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I need info on bail bonds?

I need info on bail bonds? Topic: Criminal case shop
July 19, 2019 / By Guendolen
Question: ok i know someone(my boyfriend) thats in jail and they have a 50,000 bail bond do i have to have 50tho collateral and 10% or have the collateral or the 10% plz i am looking to get him out asap i live in florida
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Best Answers: I need info on bail bonds?

Diana Diana | 2 days ago
Usually a bailbondsman will charge ABOUT ten percent of the bail amount but I've seen them go as high as 15 and 20 percent. You'd have to come up with at least five thousand dollars. Some bailbondsmen will accept collateral (car titles, real estate deeds, etc.) and some won't. It just depends on the bondsman. It usually pays to call around and shop for the lowest fees where bail bondsmen are concerned. In many states attorneys can post bonds for their clients. I don't know if that's the case in Florida but it would be easy for you to find out. Crack open the Yellow Pages and call a criminal defense attorney and ask. If your BF has a 50K bond he is apparently in a heap of trouble and is going to need an attorney anyway. It is cheaper for you if you just pay the attorney rather than pay both an attorney and a bail bondsman....
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Diana Originally Answered: I need info on bail bonds?
Usually a bailbondsman will charge ABOUT ten percent of the bail amount but I've seen them go as high as 15 and 20 percent. You'd have to come up with at least five thousand dollars. Some bailbondsmen will accept collateral (car titles, real estate deeds, etc.) and some won't. It just depends on the bondsman. It usually pays to call around and shop for the lowest fees where bail bondsmen are concerned. In many states attorneys can post bonds for their clients. I don't know if that's the case in Florida but it would be easy for you to find out. Crack open the Yellow Pages and call a criminal defense attorney and ask. If your BF has a 50K bond he is apparently in a heap of trouble and is going to need an attorney anyway. It is cheaper for you if you just pay the attorney rather than pay both an attorney and a bail bondsman....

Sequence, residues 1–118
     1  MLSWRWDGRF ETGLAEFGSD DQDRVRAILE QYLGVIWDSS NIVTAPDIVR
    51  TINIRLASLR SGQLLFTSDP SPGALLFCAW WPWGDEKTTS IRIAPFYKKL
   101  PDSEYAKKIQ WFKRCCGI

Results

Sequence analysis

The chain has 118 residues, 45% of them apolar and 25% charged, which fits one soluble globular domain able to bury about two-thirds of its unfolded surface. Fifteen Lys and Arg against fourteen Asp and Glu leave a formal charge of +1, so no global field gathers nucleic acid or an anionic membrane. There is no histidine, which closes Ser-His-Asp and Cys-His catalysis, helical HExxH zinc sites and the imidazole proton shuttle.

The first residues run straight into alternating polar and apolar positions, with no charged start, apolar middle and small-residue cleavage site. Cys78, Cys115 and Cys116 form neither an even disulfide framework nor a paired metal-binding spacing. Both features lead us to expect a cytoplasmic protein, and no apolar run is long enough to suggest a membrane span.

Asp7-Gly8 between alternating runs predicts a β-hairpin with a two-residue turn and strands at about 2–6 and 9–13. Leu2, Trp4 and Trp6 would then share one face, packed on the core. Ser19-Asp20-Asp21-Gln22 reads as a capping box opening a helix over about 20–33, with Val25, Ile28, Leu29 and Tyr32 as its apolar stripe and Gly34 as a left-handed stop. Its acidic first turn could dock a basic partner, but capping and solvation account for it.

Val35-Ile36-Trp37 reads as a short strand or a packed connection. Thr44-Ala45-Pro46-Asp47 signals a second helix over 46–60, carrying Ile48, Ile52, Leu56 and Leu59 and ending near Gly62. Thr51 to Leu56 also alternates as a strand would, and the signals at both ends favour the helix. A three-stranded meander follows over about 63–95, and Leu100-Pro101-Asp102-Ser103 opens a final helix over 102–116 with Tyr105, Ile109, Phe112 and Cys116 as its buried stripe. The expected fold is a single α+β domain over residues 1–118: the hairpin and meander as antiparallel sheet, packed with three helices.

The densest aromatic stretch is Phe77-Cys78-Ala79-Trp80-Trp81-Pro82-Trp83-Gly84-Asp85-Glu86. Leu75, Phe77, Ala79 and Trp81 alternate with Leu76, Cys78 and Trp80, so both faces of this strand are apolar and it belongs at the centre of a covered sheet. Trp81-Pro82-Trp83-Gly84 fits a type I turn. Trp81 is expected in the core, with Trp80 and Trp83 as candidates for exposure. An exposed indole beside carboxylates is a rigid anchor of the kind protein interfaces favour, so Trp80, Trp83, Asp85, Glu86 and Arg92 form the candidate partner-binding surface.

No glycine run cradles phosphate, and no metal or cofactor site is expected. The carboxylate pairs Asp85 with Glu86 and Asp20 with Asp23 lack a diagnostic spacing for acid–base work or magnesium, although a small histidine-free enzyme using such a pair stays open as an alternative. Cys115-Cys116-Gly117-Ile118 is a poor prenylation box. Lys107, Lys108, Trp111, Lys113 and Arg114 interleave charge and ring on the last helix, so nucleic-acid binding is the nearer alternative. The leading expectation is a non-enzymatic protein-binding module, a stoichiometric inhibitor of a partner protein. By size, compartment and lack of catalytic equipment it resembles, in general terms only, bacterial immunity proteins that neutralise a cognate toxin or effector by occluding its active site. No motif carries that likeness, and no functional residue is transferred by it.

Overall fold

Cara Cara
It'll depend a little on your state laws and practices. But in general, yes the bail bondsman is going to require some form of collateral for the value of the bond, plus the 10% fee.
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Ami Ami
It should be easy to look up a Bail Bonds place in the phone book. Why, here in Tacoma they have one right across the street of the precinct called, "Jail Sucks" Bail Bonds. Just call 'em up. I'm sure they're open 24 hours a day.
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Warren Warren
A bondsman will charge you a fee (at least 10% usually) and will post a bond on his behalf. They will have the right to arrest and deliver him to the sheriff if he violates the conditions of the bond, but it will get him out quickly. His attorney may help him secure a release on bond. Be sure to coordinate efforts with your boyfriend, so you do not end up paying a lot more than you have to.
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Ryan Ryan
Forget web sites, in the jail by the pay phones, and on the street outside of the jail will be a line of bail bond companies. Start with one and find one that will do it.
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Ryan Originally Answered: Where are the strong covalent bonds in DNA?
That's tough to say. It's definitely not C, because a base and its complement exhibit weak electrical attractions. Both A and B are true. Phosphates and bases both bond covalently to the sugar. However, I think the question is asking it in terms of polymer structure, in which case a base wouldn't bind to a sugar molecule. So even though this question is unfair because both A and B are correct, I believe the answer they're looking for is A, because the phosphate at 3' binds to the sugar's oxyribose at 5'. You should do some research and bring up to your teacher why B is also valid, it will probably be impressive :)

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